Others are Paper Manufacturing Industry, Jebba, Okin Foam and Okin Biscuits, Offa, Kay Plastic, Ganmo and Kwara Paper Converters Limited, Erin-Ile. Others are Sugar Producing Company, Bacita, Kwara Animal Feed Mall, Ilorin and the Agricultural Products Company.
And Education Has not Lagged Behind…
In 1976, the then federal military government created six universities which were to be later known as the nation’s second generation universities. Ilorin, the Kwara State capital, was lucky to be one of the sites chosen for the new federal universities. This is the University of Ilorin.  Apparently to cater for its indigenes who could not gain admission to the federal university in the state, the state government set up its own university which opened its gates to students during the 2009/2010 session. The state also has two polytechnics: the Kwara State Polytechnic, in Ilorin, as well as the Federal Polytechnic,  Offa.
There are also three colleges of education, a school of Health Technology and School of Nursing. It also has a navy school and aviation college. It is also home to two private universities: the Landmark University, Omu-Aran, owned by the cleric, David Oyedepo, of the Living Faith Church, otherwise known as Winners’ Chapel, and Al-Hikmah University which is located in Ilorin.
Democracy and Politics of Fiefdom…
In 1979, when the nation returned to democracy after over 13 years of uninterrupted military rule, Kwara State elected the late Alhaji Adamu Attah as its first civilian governor. While on the surface, Attah was the governor, his emergence, unknown to many, threw up a power block that is still in control of the state till date. As Attah was  elected as the governor, a certain Dr. Abubakar Olusola Saraki was also elected as a senator of the Federal Republic. Saraki was to become the Senate Leader, but also wanted to maintain a firm hold on the politics of the state which the governor, Attah, resisted – even though both of them were of the ruling National Party of Nigeria, NPN.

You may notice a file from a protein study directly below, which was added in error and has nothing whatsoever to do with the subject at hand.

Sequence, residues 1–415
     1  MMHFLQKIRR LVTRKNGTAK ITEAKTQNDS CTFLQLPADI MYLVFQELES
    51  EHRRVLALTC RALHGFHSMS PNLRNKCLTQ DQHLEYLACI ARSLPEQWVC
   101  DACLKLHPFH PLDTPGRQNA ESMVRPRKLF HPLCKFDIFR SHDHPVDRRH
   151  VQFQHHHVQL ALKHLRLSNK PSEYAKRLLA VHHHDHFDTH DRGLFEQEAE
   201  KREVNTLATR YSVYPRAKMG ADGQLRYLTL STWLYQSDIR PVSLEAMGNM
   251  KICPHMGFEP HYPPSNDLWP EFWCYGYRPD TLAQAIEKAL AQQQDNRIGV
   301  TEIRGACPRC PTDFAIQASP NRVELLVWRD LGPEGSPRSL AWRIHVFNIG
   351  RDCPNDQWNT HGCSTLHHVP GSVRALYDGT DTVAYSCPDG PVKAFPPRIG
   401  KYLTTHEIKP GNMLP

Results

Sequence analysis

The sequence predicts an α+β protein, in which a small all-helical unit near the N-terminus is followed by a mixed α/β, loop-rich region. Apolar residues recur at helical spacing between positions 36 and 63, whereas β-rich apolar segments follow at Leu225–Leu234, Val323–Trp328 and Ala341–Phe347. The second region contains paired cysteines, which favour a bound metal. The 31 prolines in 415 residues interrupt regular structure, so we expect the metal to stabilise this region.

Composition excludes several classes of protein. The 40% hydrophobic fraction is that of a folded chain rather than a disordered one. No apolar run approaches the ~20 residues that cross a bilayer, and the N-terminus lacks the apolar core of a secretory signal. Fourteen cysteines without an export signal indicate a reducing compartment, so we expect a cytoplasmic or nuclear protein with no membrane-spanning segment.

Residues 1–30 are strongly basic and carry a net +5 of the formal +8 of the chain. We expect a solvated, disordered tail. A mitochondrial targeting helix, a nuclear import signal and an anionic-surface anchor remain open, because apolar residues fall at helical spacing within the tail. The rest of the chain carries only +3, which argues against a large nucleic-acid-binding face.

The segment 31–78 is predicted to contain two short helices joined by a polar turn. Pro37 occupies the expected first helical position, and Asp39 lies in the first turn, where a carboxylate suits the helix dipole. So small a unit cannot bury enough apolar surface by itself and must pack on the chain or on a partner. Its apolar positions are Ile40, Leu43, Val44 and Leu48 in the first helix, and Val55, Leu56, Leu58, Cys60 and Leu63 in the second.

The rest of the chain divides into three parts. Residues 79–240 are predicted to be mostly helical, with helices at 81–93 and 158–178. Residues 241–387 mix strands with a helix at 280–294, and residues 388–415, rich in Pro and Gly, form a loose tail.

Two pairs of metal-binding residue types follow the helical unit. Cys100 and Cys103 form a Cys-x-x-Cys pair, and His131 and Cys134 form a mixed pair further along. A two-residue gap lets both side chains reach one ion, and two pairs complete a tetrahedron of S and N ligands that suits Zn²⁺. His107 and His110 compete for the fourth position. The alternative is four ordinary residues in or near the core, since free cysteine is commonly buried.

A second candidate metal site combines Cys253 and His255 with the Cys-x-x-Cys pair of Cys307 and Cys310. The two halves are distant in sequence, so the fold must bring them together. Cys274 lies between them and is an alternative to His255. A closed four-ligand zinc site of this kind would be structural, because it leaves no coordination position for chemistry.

To show he was the man in charge of the politics of the state, Saraki withdrew his support for Attah in 1983 and elected instead, to support Chief Cornelius Adebayo of the rival Unity Party of Nigeria, UPN. Adebayo won the election and was sworn in on October 1, 1983 only to be toppled during the coup of December 31 of the same year.
Same was repeated about 20 years later when the late Saraki fell out with his political protégé, the late Rear Admiral Mohammed Lawal, who was elected governor on the return of democratic rule in 1999. By 2002, relationship between the duo had broken down irretrievably and Saraki decided to withdraw his support for Lawal. He supported another candidate who happened to be his own son and the present Senate President, Senator Bukola Saraki.
Despite All, there is Cause for Celebration…
While the state, like many others in the country, is facing its own peculiar challenges, these have not prevented the state from rolling out the drums to mark its 50 years of existence. And the celebrations have begun weeks back with different activities like cultural displays and lectures.
An indigene of the state and a community leader, Alhaji Hamid Addi, told THISDAY the state has made giant strides in the last 50 years. Addi, who is also the National President, Ilorin Emirate Descendants Progressive Union, IEDPU, the umbrella body of the sons and daughters of Ilorin emirate said, “So far so good. The state has made giant strides in the last 50 years of its creation especially in the areas of education and health among others.”
He added: “Before now, the state didn’t have polytechnic, but now we have a state-owned polytechnic, a state-owned university, state colleges of education while there is a federal university and a federal polytechnic located in Offa and this is due to the creation of Kwara State. It now behooves on the state government to ensure these institutions are well funded, so as to make them functional for the overall benefit of the common man in the state.”
Past Governors of KWARA State
Brig. David Lasisi Bamigboye* 1967 – 1975
Col. Ibrahim Taiwo* 1975 – 1976
Col. George Innih * 1976 – 1978
Col. Sunday Ifere* 1978 – 1979
Alhaji Adamu Attah 1979 – 1983
Chief Cornelius Adebayo 1983
Grp Captain Adebola Latinwo* 1984 – 1985
Col. Ndatsu Umar * 1985 – 1987
Col. Ahmed Abdullahi * 1987 – 1988
Cdr. Ibrahim Alkali * 1988 – 1990
Col. Alwali Kazir* 1990 – 1992
Alh. Mohammed S. Lafiaji 1992 – 1993